- The classic match for a New York-style pizza is a fairly fresh, lighter-bodied wine with good acidity, like Barbera or Chianti Classico.
- For a thicker-crust Chicago-style pizza, you’ll want to point your customers to a more full-bodied wine.
Beer may still be the pizza lover’s go-to beverage, but wine is fine, too, for many customers. Unfortunately, they often don’t know how to select the right wine for their pizza. Educating your customer on this subject can lead to higher wine sales, but pairing wines and pizzas can be a tricky business.
For starters, pizzas come in a vast range of styles, from the light and thin examples inspired by Naples to the deep-filled Chicago style and everything in between. Pizzas also vary hugely in quality, and the variety of toppings is pretty much endless—any combination you settle on will introduce an entirely new set of flavors. That means there are no hard and fast rules for pairing pizzas with wines, but we can offer some pointers to keep in mind.
The New Yorker
For starters, let’s talk about the New York style of pizza, with a thin sourdough-type base, a bit of charring and a slightly chewy texture, plus tomato sauce and cheese. The classic match for this style of pizza is a fairly fresh, lighter-bodied wine with good acidity. Barbera or Chianti Classico would be ideal, but anything along those lines will do. Ideally, you’re looking for something with a savory edge that’s easy to drink—with all that good pizza saltiness, your customer will want to glug the vino and still feel refreshed rather than have to chew through a mouthful of heavy wine.
Once you move away from the standard New York style, though, things get a little more complicated—and challenging. Let’s look at some more possibilities.
Matching by Style
Earlier, we mentioned two extreme styles as examples: the hearty, robust Chicago style and the thinner Neapolitan crust. A thicker-crust Chicago pizza, generally speaking, is a much richer, denser pie with a lot more of everything—cheese, tomato, base and so on. Accordingly, you’ll want to point your customers to a more full-bodied wine, but, at the same time, freshness and acidity are still important; otherwise, it will all become a bit too much for your guest. For this type of pizza, consider a Zinfandel, a Cabernet from a cooler climate or perhaps something from or inspired by the northern Rhône—a Syrah or Shiraz, perhaps, with a touch of Viognier.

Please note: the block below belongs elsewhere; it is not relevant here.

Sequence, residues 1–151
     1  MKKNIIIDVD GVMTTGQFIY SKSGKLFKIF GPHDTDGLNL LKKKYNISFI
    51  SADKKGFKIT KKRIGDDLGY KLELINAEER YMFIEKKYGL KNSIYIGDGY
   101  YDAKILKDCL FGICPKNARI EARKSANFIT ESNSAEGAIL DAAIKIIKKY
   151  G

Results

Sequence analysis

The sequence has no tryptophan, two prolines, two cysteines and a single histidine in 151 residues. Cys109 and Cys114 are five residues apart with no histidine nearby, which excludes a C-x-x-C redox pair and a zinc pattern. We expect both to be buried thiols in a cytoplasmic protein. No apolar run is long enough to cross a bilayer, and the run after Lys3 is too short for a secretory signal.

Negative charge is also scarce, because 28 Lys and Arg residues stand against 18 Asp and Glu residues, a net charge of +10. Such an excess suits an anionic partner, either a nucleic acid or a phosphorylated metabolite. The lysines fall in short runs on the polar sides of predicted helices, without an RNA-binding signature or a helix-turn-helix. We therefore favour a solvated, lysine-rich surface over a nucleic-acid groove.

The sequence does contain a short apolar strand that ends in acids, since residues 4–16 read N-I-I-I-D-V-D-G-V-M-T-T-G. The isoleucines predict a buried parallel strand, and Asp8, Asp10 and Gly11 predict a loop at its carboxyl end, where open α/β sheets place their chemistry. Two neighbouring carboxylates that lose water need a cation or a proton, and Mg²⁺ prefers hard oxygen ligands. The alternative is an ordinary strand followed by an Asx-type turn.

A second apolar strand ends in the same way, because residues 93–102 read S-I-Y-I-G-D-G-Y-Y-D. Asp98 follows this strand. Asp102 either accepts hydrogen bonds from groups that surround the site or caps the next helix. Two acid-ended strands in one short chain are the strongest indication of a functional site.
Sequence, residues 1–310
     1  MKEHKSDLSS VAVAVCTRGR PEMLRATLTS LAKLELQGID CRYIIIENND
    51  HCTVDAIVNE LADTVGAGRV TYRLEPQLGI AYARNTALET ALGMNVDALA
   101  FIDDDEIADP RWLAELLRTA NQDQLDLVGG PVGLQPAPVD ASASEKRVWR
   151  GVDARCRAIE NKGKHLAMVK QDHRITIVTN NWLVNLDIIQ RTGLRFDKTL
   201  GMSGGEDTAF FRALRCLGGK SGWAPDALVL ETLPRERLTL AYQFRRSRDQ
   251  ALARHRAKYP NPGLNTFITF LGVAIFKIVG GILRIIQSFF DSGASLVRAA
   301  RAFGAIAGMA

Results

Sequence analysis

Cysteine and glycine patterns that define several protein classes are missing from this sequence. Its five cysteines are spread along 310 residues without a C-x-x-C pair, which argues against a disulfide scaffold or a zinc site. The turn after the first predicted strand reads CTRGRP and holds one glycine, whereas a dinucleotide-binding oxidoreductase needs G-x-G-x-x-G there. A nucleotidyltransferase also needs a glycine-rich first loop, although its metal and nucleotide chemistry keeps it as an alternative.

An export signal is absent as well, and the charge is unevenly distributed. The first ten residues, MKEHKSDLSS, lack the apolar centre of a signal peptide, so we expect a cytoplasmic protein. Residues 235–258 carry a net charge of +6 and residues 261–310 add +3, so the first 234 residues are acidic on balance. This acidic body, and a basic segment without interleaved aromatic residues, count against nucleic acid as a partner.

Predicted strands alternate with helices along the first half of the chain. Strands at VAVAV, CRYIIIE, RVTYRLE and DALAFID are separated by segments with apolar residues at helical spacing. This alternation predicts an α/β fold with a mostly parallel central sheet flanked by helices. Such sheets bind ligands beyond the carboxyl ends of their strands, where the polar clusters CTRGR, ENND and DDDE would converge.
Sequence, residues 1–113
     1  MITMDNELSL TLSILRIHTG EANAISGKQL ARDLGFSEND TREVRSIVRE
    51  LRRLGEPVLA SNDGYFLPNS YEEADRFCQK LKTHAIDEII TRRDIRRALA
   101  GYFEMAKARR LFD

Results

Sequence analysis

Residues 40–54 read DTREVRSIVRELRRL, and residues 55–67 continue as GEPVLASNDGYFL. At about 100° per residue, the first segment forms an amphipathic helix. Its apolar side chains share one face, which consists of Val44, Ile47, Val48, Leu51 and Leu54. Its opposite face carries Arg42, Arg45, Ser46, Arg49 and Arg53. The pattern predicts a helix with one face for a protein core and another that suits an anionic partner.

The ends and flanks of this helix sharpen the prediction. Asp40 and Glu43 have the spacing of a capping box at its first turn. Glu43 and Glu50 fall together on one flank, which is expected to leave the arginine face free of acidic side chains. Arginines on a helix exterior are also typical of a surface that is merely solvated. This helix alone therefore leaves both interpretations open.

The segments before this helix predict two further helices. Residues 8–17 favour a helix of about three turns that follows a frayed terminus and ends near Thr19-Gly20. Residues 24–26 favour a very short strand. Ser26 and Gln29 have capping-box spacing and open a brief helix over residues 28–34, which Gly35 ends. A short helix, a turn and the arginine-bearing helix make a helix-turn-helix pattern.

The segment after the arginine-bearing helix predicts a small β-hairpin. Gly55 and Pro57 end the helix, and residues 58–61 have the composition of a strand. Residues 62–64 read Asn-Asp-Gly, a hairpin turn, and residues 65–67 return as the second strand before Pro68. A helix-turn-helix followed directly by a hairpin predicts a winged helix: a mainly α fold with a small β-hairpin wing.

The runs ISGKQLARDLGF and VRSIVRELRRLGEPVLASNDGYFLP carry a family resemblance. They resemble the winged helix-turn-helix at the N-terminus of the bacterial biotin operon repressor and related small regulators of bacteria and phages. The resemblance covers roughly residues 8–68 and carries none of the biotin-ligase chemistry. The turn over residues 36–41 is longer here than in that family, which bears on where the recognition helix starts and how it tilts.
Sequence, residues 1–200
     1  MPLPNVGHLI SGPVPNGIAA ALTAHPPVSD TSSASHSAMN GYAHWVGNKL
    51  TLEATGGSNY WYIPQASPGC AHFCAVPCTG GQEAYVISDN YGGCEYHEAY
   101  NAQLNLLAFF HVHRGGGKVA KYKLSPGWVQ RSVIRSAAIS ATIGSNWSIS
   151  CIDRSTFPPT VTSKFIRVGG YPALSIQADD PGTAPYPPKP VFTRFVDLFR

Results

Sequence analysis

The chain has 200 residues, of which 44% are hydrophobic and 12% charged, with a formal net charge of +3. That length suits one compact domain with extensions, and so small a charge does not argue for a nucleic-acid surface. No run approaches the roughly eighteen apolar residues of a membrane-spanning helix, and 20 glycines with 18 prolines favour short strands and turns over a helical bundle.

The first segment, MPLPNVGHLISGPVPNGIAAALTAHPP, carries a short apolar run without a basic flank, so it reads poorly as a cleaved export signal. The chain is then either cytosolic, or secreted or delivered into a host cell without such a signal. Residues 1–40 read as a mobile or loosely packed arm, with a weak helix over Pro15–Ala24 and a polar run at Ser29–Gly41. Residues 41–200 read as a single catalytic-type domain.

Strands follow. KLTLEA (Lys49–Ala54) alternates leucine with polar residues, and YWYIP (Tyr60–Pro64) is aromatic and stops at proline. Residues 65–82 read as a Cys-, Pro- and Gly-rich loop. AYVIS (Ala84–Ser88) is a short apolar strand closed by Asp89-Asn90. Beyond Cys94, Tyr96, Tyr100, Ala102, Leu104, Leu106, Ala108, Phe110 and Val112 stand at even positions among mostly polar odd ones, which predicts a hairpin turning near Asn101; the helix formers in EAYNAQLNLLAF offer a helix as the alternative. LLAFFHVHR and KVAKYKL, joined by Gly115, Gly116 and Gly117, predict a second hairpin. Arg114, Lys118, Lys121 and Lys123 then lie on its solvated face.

With the thinner Neapolitan style, you’ll be looking for something more delicate. A fresh, crisp white wine, such as a Soave or Sauvignon Blanc, would be good, or you may want to think about a soft, fruity red wine such as Pinot Noir or Gamay. Of course, when the crust is thinner and the tomato sauce and cheese are layered on with less thickness, your guest’s chosen topping, whatever it may be, is the more dominant flavor. And that’s where matching wine with specific ingredients comes in.
Matching by Ingredient
When your pizza is really just a vehicle for one or two star ingredients and you’re looking for a special wine match, it’s wise to think about what goes best with that particular topping’s flavor. We can’t cover every possibility in a single article, of course, but here are a few examples of common pizza toppings to get you started:
- Anchovies—Strong and salty, an anchovy pizza needs to be paired with something robust, but it can be red, white or rosé. A Rioja Crianza would be ideal.
- Cheese (other than mozzarella)—Contrary to popular belief, in most cases you will probably be better off with a white wine than a red one. For creamy cheeses, look for something with good acidity—Sauvignon Blanc works very well with goat cheese, for example. For blue cheeses, try introducing a touch of sweetness. Depending on how dominant the cheese is, something medium or even sweet would be interesting.
- Ham or prosciutto—In the red department, go for something light and fruity, such as Beaujolais. However, the best choice here is a fuller, richer white, such as Pinot Gris from Alsace or Grüner Velliner.
- Mushrooms—For this kind of featured topping, you’ll want to go for something red and earthy. Burgundy or Reserva Rioja are the obvious choices.
- Pepperoni—This one can be tricky due to the spice level of the pepperoni. Something dry and white is probably best, such as a full-bodied, dry Riesling.
When advising your guests about wine-and-pizza pairings, keep in mind that much of the dining experience comes from context, so the customer’s mood should be taken into consideration. If it’s dark and rainy outside and the customer has ordered a carryout pie, a full-bodied red might be the most appropriate choice, regardless of the style or topping. On the other hand, a bright, warm, sunny day may be the perfect time for a nice glass of rosé!
The good news is that pizza is quite versatile, so there is no one right answer. And customers should be made to understand that it’s perfectly OK to watch their wallets when pairing wine with pizza. Unless you’re serving gourmet pizza, it’s not necessary to go the expensive route. Pizza is an everyday food, and it calls for an everyday wine!